Lycée Louis-le-Grand

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Lycée Louis-le-Grand
Lycee Louis-le-Grand.jpg
Front entrance of the Lycée Louis-le-Grand, in Paris, one of the most famous lycées providing preparatory classes for grandes écoles
Former name
Collège de Clermont (1563–1682)
Typelocal public Institution (EPLE)
Established1 October 1563;456 years ago (1563-10-01)
HeadmasterJean Bastianelli [1]
Students1,818 students in 2009
123 rue Saint-Jacques, Paris

48°50′53″N2°20′40″E / 48.848056°N 2.344528°E / 48.848056; 2.344528
Medium of instructionFrench
Exterior of the Lycee Louis-le-Grand, facing the rue St Jacques DSC 7111-lycee-louis-le-gra.jpg
Exterior of the Lycée Louis-le-Grand, facing the rue St Jacques

The Lycée Louis-le-Grand (French pronunciation:  [lise lwi lə gʁɑ̃] ) is a prestigious secondary school located in Paris. Founded in 1563 by the Jesuits as the Collège de Clermont, it was renamed in King Louis XIV of France's honor after he extended his direct patronage to it in 1682. It offers both a sixth-form college curriculum (as a lycée or high school with 800 pupils), and a post-secondary-level curriculum ( classes préparatoires with 900 students), preparing students for entrance to the elite Grandes écoles for research, such as the École normale supérieure (Paris), for engineering, such as the École Polytechnique, or for business, such as HEC Paris. Students at the Lycée Louis-le-Grand are called magnoludoviciens.


Louis-le-Grand, founded in 1563, is located in the heart of the Quartier Latin, the traditional student district of Paris. The lycée is situated opposite the Sorbonne and adjacent to the Collège de France. Its southern side opens onto the place du Panthéon , which is the location of its historical rival, the Lycée Henri-IV. These two lycées are home to the oldest preparatory classes in France, which are commonly viewed as the most selective in the country.

Because of this, Louis-le-Grand is considered to play an important role in the education of French elites. Many of its former pupils have become influential scientists, statesmen, diplomats, prelates, intellectuals and writers. "The Jesuit College of Paris", wrote Élie de Beaumont in 1862, "has for a long time been a state nursery, the most fertile in great men". Indeed, former students have included writers Molière, Victor Hugo and Charles Baudelaire, revolutionaries Maximilien Robespierre and Camille Desmoulins, as well as seven former presidents of the French Republic and countless other ministers and prime ministers, philosophers such as Voltaire, the Marquis de Sade, Denis Diderot, Emile Durkheim, Jean-Paul Sartre, Jean Cavaillès and Jacques Derrida, scientists Évariste Galois, Henri Poincaré and Laurent Schwartz, and artists Eugène Delacroix, Edgar Degas and Georges Méliès. Renowned foreign students of the lycée include King Nicholas I of Montenegro, Léopold Sédar Senghor, and Saint Francis de Sales.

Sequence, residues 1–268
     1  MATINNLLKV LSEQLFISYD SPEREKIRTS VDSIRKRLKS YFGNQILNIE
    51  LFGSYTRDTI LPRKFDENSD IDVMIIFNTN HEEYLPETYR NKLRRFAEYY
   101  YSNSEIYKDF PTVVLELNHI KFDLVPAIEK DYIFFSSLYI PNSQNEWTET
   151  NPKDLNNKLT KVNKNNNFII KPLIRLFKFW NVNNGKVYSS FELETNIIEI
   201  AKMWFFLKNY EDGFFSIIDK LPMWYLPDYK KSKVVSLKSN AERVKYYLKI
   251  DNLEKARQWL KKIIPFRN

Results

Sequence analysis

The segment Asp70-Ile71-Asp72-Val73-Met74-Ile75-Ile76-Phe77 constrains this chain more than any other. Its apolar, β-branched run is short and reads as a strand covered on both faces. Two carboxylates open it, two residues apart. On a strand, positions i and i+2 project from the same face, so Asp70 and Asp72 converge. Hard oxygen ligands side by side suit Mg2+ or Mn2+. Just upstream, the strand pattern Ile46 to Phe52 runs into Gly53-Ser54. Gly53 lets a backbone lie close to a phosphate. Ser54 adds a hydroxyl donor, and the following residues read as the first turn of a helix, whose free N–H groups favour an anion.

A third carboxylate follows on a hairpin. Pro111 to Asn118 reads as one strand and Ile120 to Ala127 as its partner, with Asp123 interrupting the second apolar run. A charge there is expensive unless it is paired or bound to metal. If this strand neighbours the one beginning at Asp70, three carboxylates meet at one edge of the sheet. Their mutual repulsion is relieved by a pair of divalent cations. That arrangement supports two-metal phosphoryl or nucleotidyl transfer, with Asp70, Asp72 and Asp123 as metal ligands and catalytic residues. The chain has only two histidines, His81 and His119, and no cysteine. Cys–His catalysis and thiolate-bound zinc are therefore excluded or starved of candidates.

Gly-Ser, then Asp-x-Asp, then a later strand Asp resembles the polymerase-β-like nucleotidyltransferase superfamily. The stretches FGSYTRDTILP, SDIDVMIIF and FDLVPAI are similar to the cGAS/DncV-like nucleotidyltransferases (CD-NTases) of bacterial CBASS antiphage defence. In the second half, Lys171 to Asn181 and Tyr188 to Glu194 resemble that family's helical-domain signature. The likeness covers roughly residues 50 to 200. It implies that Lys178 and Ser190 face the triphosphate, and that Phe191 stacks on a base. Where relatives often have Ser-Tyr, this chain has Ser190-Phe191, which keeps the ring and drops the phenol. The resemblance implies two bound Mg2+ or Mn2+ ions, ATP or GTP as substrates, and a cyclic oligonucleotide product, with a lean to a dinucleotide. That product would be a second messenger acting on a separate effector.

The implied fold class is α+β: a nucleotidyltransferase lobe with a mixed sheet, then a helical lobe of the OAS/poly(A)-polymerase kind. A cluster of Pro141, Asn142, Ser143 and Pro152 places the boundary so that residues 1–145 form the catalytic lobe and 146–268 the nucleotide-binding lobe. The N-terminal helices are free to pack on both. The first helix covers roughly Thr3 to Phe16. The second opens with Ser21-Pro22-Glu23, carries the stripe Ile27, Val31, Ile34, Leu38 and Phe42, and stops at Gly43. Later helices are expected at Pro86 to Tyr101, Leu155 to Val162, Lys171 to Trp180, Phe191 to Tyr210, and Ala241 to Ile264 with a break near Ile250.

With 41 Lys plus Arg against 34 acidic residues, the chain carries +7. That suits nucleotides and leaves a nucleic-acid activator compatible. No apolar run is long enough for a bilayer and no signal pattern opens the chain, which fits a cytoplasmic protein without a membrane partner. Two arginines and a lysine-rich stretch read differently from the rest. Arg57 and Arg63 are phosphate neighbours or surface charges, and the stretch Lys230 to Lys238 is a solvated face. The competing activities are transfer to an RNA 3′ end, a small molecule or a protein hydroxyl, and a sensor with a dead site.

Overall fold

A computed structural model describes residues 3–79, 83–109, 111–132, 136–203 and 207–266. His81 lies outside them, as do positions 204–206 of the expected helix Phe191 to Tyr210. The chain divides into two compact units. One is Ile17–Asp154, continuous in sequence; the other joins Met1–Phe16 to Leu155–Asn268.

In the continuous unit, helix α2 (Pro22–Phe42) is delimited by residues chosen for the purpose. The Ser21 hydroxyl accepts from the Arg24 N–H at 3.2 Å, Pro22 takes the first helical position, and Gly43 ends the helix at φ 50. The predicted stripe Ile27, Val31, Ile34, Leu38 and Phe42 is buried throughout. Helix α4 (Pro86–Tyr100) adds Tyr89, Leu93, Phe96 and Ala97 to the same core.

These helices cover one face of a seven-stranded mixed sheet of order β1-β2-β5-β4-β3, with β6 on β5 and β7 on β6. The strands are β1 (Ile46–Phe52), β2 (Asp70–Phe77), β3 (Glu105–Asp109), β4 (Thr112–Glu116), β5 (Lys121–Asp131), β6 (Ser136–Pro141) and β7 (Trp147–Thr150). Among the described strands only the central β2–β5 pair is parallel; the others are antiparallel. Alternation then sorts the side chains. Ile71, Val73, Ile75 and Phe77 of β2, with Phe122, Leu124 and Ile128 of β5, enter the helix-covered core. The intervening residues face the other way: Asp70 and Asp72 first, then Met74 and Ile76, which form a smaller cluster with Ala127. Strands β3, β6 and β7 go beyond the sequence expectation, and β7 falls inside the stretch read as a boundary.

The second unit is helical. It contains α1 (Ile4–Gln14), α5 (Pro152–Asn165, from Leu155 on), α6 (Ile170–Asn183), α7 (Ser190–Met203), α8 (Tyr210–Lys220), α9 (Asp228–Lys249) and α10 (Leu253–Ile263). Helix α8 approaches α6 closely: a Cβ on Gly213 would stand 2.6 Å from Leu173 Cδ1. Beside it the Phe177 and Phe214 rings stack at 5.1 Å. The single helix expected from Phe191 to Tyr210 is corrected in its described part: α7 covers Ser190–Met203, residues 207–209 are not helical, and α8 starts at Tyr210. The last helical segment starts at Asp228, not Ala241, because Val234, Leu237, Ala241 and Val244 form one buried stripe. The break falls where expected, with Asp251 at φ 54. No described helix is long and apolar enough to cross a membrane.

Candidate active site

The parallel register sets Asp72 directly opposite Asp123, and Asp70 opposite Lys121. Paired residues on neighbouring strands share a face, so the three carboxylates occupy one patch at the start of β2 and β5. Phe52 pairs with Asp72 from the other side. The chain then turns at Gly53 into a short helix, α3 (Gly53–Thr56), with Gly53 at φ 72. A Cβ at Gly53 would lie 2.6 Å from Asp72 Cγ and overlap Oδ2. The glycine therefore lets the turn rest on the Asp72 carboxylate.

Admission to Louis-Le-Grand is very competitive; the strict selection process is based on academic grades, drawing from middle schools (for entry into high school) and high schools (for entry into the preparatory classes) throughout France. Its educational standards are highly rated and the working conditions are considered optimal due to its demanding recruitment of teachers. Louis-Le-Grand students generally achieve excellent results; topping national rankings for baccalauréat grades in high school and entry into the best grandes écoles in the preparatory classes.

Abu Dhabi Section

In September 2008, LLG and the Abu Dhabi Education Council launched the Advanced Math and Science Pilot Class. There is a class designed for girls (20 girls) and another for boys (20 boys). Classes are taught by professors sent from France, and the classes are exceptionally taught in English.

The students who make up the Advanced Math and Science Pilot Class graduate at the end of the 12th grade and are awarded with a certificate of academic recognition by LLG. The final cohort of the program graduated in 2017 marking the end of the LLG-Abu Dhabi program [2]

Notable alumni

During World War II, student Jacques Lusseyran founded the resistance group Volontaires de la Liberté. [4] Sainte-Beuve refers to Louis-le-Grand as le collège des Jésuites à Paris. [5]


There are several courtyards at the school:

See also

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  1. « Du lycée Montaigne à Louis-le-Grand », Sud-Ouest, 8 May 2012.
  2. "Archived copy" (PDF). Archived from the original (PDF) on 12 February 2016. Retrieved 25 February 2016.CS1 maint: archived copy as title (link)
  3. Historique du lycée par Paul Deheuvels, proviseur de 1969 à 1991 Archived 22 January 2015 at the Wayback Machine . Retrieved 30 March 2008.
  4. 1 2 Hochard, Cécile. "Journal des Volontaires de la Liberté: Le Tigre". Musée de la Résistance et de la Déportation à Besançon . Retrieved 10 March 2014.
  5. Sainte-Beuve, "L'abbé de Bernis" (28 March 1852), Causeries du lundi, tome 8 (Paris: Garnier Frères, n.d. [1926]), p.3

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